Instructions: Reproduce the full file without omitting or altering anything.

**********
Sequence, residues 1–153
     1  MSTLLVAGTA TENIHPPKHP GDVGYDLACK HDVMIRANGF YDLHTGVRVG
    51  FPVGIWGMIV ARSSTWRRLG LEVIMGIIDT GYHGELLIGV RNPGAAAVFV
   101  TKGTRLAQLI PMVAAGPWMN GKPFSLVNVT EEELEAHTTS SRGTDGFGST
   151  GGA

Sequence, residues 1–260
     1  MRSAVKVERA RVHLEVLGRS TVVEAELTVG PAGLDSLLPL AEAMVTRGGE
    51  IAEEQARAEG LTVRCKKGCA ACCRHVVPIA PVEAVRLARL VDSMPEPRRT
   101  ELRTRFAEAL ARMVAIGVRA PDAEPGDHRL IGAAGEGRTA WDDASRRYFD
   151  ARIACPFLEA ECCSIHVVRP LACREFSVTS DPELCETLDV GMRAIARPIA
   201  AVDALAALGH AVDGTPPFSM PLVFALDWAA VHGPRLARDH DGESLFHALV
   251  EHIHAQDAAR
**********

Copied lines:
Sequence, residues 1–153
     1  MSTLLVAGTA TENIHPPKHP GDVGYDLACK HDVMIRANGF YDLHTGVRVG
    51  FPVGIWGMIV ARSSTWRRLG LEVIMGIIDT GYHGELLIGV RNPGAAAVFV
   101  TKGTRLAQLI PMVAAGPWMN GKPFSLVNVT EEELEAHTTS SRGTDGFGST
   151  GGA

Sequence, residues 1–260
     1  MRSAVKVERA RVHLEVLGRS TVVEAELTVG PAGLDSLLPL AEAMVTRGGE
    51  IAEEQARAEG LTVRCKKGCA ACCRHVVPIA PVEAVRLARL VDSMPEPRRT
   101  ELRTRFAEAL ARMVAIGVRA PDAEPGDHRL IGAAGEGRTA WDDASRRYFD
   151  ARIACPFLEA ECCSIHVVRP LACREFSVTS DPELCETLDV GMRAIARPIA
   201  AVDALAALGH AVDGTPPFSM PLVFALDWAA VHGPRLARDH DGESLFHALV
   251  EHIHAQDAAR